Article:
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Finally, I found Shilpa Shetty selling Vodka. Isn’t that rather racy for India? From afar I thought it was an ad for perfume, or maybe some kind of energy drink, but closer inspection revealed it was for vodka! Can a nice Indian girl endorse liquor?

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In this magic season of Christmas I was visited by Amitabh Bachchan  in a dream. Maybe it’s because I’d recently seen him in Desh Premee (1982), where he looked like Jesus and it’s Jesus’ season. Maybe it’s that buzz around the Bollywood Blogosphere about a possible North American Bollywood Bloggers trying to get together sometime in the future. But do I really need an excuse from my  delicate reality to justify this dream?  NAHIN!

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amitabhbachchan31THE dream: I was in some hotel room in an American city, on a floor with a view of a downtown evening skyline. The hotel room and Amitabh were like these pictured; current, hip, and urban. In the room were bollywood bloggers extraordinaire, theBollywoodFan, Memsaab, and blog poster, Jen. We were sitting around talking film, philosophy, and current affairs with Amit-jiWe weren’t star struck, just talkin’ with our filmy friend, chicago-skyline-viewwho was warm and chatty.  Then Mr. Bachchan had to leave and as he exited, I thought it was finally safe to act silly, so I started singing Kabhi Alvida Naa Kehna, the title track from the film I was trying to be funny, since it translates to  Never Say Good Bye.  I  didn’t think Amitabh could hear, but he peeped his head back in and then left, listening to me sing:

 

Tumko bhi, hai khabar, Mujhko bhi hai pataa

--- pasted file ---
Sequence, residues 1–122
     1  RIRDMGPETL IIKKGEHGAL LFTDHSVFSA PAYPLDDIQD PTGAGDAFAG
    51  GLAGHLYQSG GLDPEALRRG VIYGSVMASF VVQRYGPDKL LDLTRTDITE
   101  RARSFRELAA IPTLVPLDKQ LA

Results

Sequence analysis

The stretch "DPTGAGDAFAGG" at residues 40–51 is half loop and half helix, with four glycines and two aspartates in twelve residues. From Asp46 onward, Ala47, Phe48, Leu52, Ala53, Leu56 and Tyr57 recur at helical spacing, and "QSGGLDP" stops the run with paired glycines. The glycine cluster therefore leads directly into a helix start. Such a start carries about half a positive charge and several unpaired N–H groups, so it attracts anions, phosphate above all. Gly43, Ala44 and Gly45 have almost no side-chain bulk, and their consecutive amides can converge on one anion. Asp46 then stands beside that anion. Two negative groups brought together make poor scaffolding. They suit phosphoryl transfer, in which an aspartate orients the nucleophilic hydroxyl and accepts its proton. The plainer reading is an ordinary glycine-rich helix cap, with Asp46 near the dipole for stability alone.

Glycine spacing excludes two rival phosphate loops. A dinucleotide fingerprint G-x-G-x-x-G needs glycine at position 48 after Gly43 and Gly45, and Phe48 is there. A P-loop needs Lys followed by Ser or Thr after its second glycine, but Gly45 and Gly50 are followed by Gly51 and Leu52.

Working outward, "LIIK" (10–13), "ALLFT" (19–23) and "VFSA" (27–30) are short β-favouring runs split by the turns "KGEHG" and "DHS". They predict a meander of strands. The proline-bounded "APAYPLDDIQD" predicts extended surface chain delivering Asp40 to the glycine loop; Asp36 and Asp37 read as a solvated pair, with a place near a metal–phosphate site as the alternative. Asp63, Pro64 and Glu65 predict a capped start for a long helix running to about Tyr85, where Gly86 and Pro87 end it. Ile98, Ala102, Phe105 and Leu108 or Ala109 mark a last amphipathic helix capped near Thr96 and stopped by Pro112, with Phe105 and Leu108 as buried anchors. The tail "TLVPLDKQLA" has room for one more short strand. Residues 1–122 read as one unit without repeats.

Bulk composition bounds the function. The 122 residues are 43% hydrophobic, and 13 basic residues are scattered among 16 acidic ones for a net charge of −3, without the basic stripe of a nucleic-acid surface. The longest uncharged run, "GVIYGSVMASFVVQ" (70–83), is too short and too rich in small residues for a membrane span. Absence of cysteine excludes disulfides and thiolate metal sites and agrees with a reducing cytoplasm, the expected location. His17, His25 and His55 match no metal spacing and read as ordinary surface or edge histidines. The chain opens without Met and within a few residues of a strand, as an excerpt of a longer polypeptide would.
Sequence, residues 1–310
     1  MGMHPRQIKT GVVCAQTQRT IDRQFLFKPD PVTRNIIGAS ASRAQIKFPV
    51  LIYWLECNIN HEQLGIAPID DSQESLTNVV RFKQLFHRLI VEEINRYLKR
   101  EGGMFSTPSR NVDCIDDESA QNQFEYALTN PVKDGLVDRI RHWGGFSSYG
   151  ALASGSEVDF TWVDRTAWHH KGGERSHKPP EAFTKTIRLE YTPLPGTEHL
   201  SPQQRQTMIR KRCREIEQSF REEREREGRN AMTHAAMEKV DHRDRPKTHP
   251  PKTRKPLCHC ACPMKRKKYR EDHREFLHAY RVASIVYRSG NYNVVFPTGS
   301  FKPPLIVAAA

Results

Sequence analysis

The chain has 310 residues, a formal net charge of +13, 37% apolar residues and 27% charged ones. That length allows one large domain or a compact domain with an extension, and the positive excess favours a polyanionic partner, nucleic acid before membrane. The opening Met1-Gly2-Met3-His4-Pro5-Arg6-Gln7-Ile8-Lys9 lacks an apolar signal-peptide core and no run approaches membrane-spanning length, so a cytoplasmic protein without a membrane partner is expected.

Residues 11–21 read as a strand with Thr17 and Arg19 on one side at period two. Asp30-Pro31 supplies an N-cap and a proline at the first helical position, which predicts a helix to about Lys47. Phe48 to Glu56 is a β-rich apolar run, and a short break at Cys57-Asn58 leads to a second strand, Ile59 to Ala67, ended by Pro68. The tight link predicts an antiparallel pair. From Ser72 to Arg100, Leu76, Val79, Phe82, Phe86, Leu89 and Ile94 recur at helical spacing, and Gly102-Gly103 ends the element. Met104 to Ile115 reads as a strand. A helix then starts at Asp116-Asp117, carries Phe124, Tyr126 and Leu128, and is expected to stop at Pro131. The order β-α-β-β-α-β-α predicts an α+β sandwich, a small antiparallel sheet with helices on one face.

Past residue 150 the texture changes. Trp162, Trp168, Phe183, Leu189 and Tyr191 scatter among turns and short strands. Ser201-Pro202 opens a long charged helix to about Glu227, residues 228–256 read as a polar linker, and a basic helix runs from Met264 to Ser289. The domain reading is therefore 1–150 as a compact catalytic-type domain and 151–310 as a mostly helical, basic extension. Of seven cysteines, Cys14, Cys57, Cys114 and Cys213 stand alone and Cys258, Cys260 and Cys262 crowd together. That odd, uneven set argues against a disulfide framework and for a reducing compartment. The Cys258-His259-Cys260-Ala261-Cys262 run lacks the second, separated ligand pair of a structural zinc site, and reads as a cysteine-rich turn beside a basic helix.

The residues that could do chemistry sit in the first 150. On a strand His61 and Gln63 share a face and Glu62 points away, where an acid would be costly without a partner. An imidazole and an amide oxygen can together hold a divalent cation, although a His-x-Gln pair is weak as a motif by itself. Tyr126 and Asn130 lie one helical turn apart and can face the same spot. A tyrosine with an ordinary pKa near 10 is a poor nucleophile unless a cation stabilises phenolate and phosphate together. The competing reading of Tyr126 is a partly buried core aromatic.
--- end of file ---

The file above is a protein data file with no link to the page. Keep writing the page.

you and I know
Ho raha, hai juda, donon ka, raasta
that our paths are separating
Door jaake bhi mujhse, tum meri yaadon mein rehna
you’ll live in my memories even after you’re gone
Kabhi Alvida na Kehna
never say goodbye
Kabhi Alvida Na Kehna
Kabhi Alvida Na Kehna


So enjoy today’s video, KANK,  inspired from the movies into my dreamworld and back to reality. The music is by Shankar-Ehsaan-Loy & the playback singers are Sonu Nigam & Alka Yagnik. It’s picturized on some people yet to appear to me in a dream:  Shahrukh Khan, Rani Mukerji, Preity Zinta & Abhishek Bachchan.

LYRICS with English translation

If you’d like a MORE dramatic intro. to the movie, and understand I’m saying MORE dramatic even in Bollywood terms, try this link, but I’m warning you, be careful!

I suppose this means I have to take a good look at my life and make sure it’s properly balanced with adequate doses of reality and not too much film. Have you had a dream where you were hanging out with one of your Bollywood favorites?  Do tell dosto.

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The word association I have with leprosy is Mother Teresa, India, and Jesus. After reading this,

Many doctors view leprosy as a scourge of Biblical times or faraway places, but there are still thousands of U.S. cases, with more diagnosed each year, experts say (source)

maybe I’ll associate leprosy with the U.S. now too. This map shows that I wasn’t too wrong to associate leprosy with India. The WHO has all the latest leprosy statistics HERE.

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deshpremeeinquilabjesus2With all the Bollywood movies I’ve seen, you’d think I would have run across a leper sooner than now, but it took Desh Premee (1982) to expose me to my first Bollywood leper, Shamila Tagore, as Bharati. Finally! And speaking of me associating Jesus and lepers, Amitabh breaks out with the most Jesus looking parts in this film. Just look at him suffering here. —————>

If that doesn’t remind you of Jesus and his crown of thorns, I don’t know what will. I know with Christmas right around the corner it’s baby Jesus time of year and not crown of thorns Jesus time, but still, I’m technically working in a Christmas theme.

Since it’s a Manmohan Desai film, I’ll save my self a lot of explaining and refer you to this SYNOPSIS. An extra bonus to the film is Shammi Kapoor playing a lovable, chunky Sikh. You can see a bit of Sikh Shammi in this number.

More and more I’m loving Kader Khan as a villian. Have you seen him in Tawaif? In Desh Premee Khan plays Sher Singh who snatchs Bharati from her freedom fighter, patriot husband (Amitabh) as part of a revenge plot. Sher Singh lusts after Bharati for years, yet she remains faithful to her husband who believes her to be dead. Bharti is repulsed by the scoundrel and tells him: